Chondrogianni, N. et al. Overexpression of proteasome β5 subunit increases the amount of assembled proteasome and confers ameliorated response to oxidative stress and higher survival rates. J. Biol. Chem. 280, 11840–11850 (2005)

    CAS  Article  Google Scholar 

  46. 46

    Tonoki, A. et al. Genetic evidence linking age-dependent attenuation of the 26S proteasome with the aging process. Mol. Cell. Biol. 29, 1095–1106 (2009)

    CAS  Article  Google Scholar 

  47. 47

    Lehman, N. L. The ubiquitin proteasome system in neuropathology. Acta Neuropathol. 118, 329–347 (2009)

    CAS  Article  Google Scholar 

  48. 48

    Hinault, M. P., Ben-Zvi, A. & Goloubinoff, P. Chaperones and proteases: cellular fold-controlling factors of proteins in neurodegenerative diseases and aging. J. Mol. Neurosci. 30, 249–265 (2006)

    CAS  Article  Google Scholar 

  49. 49

    Balch, W. E., Morimoto, R. I., Dillin, A. & Kelly, J. W. Adapting proteostasis for disease intervention. Science 319, 916–919 (2008)

    ADS  CAS  Article  Google Scholar 

  50. 50

    Goldberg, A. L. Protein degradation and protection against misfolded and damaged proteins. Nature 426, 895–899 (2003)

    ADS  CAS  Article  Google Scholar 

  51. 51

    Sowa, M. E., Bennett, E. J., Gygi, S. P. & Harper, J. W. Defining the human deubiquitinating enzyme interaction landscape. Cell 138, 389–403 (2009)

    CAS  Article  Google Scholar 

  52. 52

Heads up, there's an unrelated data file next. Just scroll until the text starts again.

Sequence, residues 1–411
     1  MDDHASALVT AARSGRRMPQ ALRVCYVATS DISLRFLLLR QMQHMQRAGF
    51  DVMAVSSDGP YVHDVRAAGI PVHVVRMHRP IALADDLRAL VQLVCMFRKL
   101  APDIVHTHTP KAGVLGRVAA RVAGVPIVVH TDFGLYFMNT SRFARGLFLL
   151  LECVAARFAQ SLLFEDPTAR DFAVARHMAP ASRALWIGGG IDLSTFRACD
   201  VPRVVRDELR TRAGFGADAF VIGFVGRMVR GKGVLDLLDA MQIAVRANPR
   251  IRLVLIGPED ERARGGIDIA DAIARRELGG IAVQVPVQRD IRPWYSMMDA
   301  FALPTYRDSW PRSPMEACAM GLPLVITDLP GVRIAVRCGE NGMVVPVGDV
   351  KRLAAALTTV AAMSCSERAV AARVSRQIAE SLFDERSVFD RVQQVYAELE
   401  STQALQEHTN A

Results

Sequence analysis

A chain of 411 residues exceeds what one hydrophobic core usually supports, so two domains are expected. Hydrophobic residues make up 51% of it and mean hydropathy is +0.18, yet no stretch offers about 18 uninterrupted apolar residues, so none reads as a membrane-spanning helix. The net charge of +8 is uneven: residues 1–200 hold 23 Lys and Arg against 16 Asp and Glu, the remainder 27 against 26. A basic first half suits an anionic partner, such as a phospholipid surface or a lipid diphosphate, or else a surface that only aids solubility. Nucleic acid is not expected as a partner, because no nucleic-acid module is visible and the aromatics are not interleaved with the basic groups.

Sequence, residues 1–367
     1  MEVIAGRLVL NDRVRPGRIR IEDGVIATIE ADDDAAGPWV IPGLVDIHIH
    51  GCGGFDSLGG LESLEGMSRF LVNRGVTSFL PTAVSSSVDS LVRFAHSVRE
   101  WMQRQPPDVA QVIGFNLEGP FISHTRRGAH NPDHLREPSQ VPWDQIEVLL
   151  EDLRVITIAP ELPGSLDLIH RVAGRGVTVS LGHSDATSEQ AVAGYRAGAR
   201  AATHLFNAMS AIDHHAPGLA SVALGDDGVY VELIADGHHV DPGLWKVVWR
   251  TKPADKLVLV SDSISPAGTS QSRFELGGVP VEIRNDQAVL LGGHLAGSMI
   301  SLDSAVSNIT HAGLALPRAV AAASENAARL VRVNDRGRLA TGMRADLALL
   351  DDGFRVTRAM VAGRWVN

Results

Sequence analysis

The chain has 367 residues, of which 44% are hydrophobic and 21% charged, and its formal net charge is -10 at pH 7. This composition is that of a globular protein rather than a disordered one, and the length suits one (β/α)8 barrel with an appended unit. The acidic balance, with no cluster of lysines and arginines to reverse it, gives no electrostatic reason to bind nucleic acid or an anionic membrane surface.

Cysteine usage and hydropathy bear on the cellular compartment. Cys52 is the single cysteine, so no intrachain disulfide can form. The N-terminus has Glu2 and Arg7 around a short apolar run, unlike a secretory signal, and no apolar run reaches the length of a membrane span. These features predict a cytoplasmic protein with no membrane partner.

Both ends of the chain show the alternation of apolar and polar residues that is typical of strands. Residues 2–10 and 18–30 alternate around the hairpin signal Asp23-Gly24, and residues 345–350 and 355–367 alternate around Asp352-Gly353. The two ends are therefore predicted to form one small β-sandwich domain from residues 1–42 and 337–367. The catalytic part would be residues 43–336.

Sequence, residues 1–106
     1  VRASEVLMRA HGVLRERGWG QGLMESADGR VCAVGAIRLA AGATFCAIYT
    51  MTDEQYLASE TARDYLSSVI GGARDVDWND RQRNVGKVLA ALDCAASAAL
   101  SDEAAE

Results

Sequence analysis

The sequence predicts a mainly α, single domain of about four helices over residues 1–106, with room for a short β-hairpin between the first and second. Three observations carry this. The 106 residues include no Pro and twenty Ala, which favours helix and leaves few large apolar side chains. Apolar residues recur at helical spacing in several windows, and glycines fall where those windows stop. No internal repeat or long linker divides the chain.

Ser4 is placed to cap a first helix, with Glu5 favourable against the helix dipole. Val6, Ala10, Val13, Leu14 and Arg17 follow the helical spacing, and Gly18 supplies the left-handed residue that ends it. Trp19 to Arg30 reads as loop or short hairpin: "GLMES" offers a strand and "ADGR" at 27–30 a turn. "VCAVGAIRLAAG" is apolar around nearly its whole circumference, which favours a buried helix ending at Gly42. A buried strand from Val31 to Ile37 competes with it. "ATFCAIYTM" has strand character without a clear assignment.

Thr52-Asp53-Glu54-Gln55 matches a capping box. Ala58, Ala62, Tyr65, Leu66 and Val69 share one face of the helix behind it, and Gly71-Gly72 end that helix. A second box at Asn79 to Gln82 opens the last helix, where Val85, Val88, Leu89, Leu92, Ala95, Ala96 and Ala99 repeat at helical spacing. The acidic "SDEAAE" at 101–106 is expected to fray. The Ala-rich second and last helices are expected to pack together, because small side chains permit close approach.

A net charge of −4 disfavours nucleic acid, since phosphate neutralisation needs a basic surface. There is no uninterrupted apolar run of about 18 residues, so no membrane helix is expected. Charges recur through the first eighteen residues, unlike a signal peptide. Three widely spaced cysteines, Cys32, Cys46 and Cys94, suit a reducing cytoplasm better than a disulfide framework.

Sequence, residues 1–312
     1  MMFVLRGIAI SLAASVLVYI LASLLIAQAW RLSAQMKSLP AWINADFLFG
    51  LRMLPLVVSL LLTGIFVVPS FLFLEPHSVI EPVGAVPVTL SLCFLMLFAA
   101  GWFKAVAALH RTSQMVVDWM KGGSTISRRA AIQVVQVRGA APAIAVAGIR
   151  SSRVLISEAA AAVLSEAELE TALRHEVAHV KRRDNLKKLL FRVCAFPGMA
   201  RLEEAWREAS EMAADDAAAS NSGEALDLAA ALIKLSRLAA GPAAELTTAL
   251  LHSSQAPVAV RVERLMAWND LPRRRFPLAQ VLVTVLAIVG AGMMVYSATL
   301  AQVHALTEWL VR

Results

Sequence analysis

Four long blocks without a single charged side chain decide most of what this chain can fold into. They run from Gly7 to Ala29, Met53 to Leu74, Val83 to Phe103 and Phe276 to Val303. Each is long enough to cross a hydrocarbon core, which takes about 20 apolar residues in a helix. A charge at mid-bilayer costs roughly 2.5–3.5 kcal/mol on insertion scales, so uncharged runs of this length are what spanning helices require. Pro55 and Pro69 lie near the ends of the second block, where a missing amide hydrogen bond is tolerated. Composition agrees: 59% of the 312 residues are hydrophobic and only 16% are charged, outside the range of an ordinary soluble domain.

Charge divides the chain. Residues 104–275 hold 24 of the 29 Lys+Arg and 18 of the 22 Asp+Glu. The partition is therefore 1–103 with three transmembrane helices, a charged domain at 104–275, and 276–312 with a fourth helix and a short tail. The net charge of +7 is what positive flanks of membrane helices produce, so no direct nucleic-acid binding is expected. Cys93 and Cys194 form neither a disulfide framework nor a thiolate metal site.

Elsasser, S., Schmidt, M. & Finley, D. Characterization of the proteasome using native gel electrophoresis. Methods Enzymol. 398, 353–363 (2005)

    CAS  Article  Google Scholar 

  53. 53

    Kleijnen, M. F. et al. Stability of the proteasome can be regulated allosterically through engagement of its proteolytic active sites. Nature Struct. Mol. Biol. 14, 1180–1188 (2007)

    CAS  Article  Google Scholar 

  54. 54

    Kusmierczyk, A. R., Kunjappu, M. J., Funakoshi, M. & Hochstrasser, M. A multimeric assembly factor controls the formation of alternative 20S proteasomes. Nature Struct. Mol. Biol. 15, 237–244 (2008)

    CAS  Article  Google Scholar 

  55. 55

    Park, S. et al. Hexameric assembly of the proteasomal ATPases is templated through their C termini. Nature 459, 866–870 (2009)

    ADS  CAS  Article  Google Scholar 

  56. 56

    Malo, N., Hanley, J., Cerquozzi, S., Pelletier, J. & Nadon, R. Statistical practice in high-throughput screening data analysis. Nature Biotechnol. 24, 167–175 (2006)

    CAS  Article  Google Scholar 

  57. 57

    Kobayashi, H. et al. Hrs, a mammalian master molecule in vesicular transport and protein sorting, suppresses the degradation of ESCRT proteins signal transducing adaptor molecule 1 and 2. J. Biol. Chem. 280, 10468–10477 (2005)

    CAS  Article  Google Scholar 

  58. 58

    Kuma, A. et al. The role of autophagy during the early neonatal starvation period. Nature 432, 1032–1036 (2004)

    ADS  CAS  Article  Google Scholar 

  59. 59

    Mizushima, N., Yoshimori, T. & Levine, B. Methods in mammalian autophagy research. Cell 140, 313–326 (2010)

    CAS  Article  Google Scholar 

  60. 60

    Mosmann, T. Rapid colorimetric assay for cellular growth and survival: application to proliferation and cytotoxicity assays. J. Immunol. Methods 65, 55–63 (1983)

    CAS  Article  Google Scholar 

  61. 61

    Li, X., Traganos, F., Melamed, M. R. & Darzynkiewicz, Z. Single-step procedure for labeling DNA strand breaks with fluorescein- or BODIPY-conjugated deoxynucleotides: detection of apoptosis and bromodeoxyuridine incorporation. Cytometry 20, 172–180 (1995)